6 Questions To Ask Before Hiring An Accountant

What do you look for when choosing a new Kelowna accountant?

Choosing an accountant is a very important part of solidifying your core and makes a significant impact on the financial future of your business. Don’t be afraid to hold the same level of scrutiny you might have choosing a surgeon as you would selecting your accountant because after all this is your hard earned money.

As an accountant myself, I can appreciate when a client comes prepared with questions for me and isn’t afraid to put me or our firm to the test. The questions below will help reveal crucial information for you when making your decision.

1. How often should I expect communication/How often do you expect communication?

This is an interesting one that tends to come up. If we don’t set up the right expectation at the beginning then we’re setting up an opportunity for ourselves to fail the client or the clients can fail and no longer be somebody we want to service. If a client is calling every other day with time consuming demands then that might not be our expectation. On the other hand, they might not have any communication until year-end and that also doesn’t really fit our expectation of a typical client.

This is why it’s important that mutual expectations of communication are setup at the beginning. We don’t want to hear from a client after they’ve sold an asset or part of their business because we want to be a part of the communication throughout. If the client is not expecting to have their accountant involved and is only interested in handing over a done deal saying, “Figure it out,” then that’s probably not the type of client we want.

2. How aggressive are you with tax planning strategies?

You need to know the type of accountant that you’re working with. We always tell our clients that we will walk them up to the fence, we will help them climb the fence and, in certain situations, we will sit on the fence but we will never go over the fence.

If there’s a hardline with the Canada Revenue Agency (CRA), we will never go over it, but there are accountants that will.

This is why you have to know who you’re working with, in terms of how aggressive they are. Occasionally we’ve taken some clients on that say that they’re not comfortable with their current accountant because they advised them to do something that they felt was pushing the limits.

Make sure that you’re both on the same page with your risk tolerance before you decide to work together.

3. What is your experience dealing with Canada Revenue Agency (CRA)?

Many of our clients turn to us whenever they have CRA asking for information. You really want to have somebody on your side with significant experience because you can get yourself into trouble by not knowing how to answer their questions, even if you haven’t done anything wrong.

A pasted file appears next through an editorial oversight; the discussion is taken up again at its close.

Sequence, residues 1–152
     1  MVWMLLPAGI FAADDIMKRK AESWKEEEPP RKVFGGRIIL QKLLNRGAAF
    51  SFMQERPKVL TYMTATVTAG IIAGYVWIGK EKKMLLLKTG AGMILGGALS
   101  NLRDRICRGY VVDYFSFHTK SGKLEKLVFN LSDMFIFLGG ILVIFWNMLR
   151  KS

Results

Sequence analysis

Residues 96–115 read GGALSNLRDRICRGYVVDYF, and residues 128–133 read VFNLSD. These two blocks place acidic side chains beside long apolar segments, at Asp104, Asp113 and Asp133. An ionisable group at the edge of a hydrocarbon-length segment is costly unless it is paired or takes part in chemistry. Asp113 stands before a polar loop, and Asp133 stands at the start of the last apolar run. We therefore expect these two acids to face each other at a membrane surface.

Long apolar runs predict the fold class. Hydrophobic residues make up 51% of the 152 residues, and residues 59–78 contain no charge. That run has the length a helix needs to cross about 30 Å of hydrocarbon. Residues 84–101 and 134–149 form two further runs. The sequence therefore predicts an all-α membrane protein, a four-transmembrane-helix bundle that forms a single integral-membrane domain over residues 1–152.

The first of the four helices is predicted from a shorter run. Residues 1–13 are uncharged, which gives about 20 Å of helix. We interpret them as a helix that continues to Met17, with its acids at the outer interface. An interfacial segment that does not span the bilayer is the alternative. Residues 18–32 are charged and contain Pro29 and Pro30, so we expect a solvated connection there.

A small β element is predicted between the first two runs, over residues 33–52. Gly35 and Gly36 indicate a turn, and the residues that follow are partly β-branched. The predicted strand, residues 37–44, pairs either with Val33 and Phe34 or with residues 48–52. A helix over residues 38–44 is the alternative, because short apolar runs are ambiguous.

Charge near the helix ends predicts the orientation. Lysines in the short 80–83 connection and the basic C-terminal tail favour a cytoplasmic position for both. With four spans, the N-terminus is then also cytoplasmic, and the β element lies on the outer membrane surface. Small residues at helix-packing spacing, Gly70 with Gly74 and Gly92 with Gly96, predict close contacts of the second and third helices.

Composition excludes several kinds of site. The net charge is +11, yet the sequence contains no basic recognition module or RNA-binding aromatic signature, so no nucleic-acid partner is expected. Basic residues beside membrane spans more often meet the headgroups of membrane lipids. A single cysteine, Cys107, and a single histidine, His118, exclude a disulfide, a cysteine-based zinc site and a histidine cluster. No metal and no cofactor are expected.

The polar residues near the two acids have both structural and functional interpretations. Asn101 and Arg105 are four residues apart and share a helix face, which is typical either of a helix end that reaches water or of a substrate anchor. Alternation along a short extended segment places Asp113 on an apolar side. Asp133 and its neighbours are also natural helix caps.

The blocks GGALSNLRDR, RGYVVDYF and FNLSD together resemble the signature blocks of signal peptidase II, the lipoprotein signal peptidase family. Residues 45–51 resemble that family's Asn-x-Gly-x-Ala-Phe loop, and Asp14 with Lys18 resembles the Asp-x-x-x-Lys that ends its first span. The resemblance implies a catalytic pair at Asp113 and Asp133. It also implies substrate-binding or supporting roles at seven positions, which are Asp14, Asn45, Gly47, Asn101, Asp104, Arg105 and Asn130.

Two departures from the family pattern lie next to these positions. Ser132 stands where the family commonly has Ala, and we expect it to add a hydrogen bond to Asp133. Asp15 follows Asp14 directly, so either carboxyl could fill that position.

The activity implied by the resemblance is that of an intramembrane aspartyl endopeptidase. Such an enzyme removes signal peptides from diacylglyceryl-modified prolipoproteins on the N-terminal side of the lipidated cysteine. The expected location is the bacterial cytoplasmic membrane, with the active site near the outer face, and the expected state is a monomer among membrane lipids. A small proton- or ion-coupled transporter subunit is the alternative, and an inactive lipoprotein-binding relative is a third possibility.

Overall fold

4. What other types of clients do you deal with?

If you’re considering hiring an accountant, you shouldn’t be afraid to ask them what other types of clients they are dealing with. We are more than happy to talk about clients in a similar industry and I think that it’s important. We obviously don’t talk about specific names but when we’re picking up a new winery client we are very open to discuss how we’re working with three other big wineries and fifteen midsize ones.

It’s important that you know they have experience in your industry so they can help you with things other than just year-end, such as more specific things related to your business. When you do this you give your accountant a greater ability to read between the lines and see things numbers alone can’t piece together. It’s truly the best of both worlds when done right.

Your business could be making money but if we have fifteen other clients in that industry and their margins are 10% better, that would be nice information to know. If you have an accountant that has lot of experience in the industry, you are far more likely to get more out of it then if you were the only client of your kind on their roster.

5. What other services do you offer?

It’s not uncommon that a person who starts off as a personal tax client is surprised when they find out that we work other than from January through April. If they don’t have a corporation then they don’t understand that our business is not really cyclical, it’s consistent throughout the year. Sometimes we have clients come to us because they’ve outgrown their accountant and their accountant is not really available other than during tax busy season.

Sometimes we have clients come to us and say that they aren’t sure that their bookkeeper knows how to do their payroll properly. We have a payroll service that handles anywhere from 1-1,000 employees and it saves many clients countless hours, headaches and hassles while providing the peace of mind it will get done right.

6. What’s your personal experience in business?

Even if they don’t have personal experience working within your industry, an accountant has other life experiences that they can bring to the table that can benefit you. It’s not by any means going to make or break a deal but knowing the background of who you’re dealing is relevant.

Ken Davidson always tells this story about how when he ran a software company where he took the last few hundred bucks out of his account to pay his employees. Someone who has only ever been in public practice probably has never personally had that pain because, let’s face it, accountants do pretty well. ‘Death and taxes’ make it a good business to be in from a financial perspective.

There’s no question that you always need an accountant that knows numbers but if they can understand what it’s like to be where you are, consider that a healthy bonus.

What is most important to you when choosing an accountant? Let us know in the comments below.
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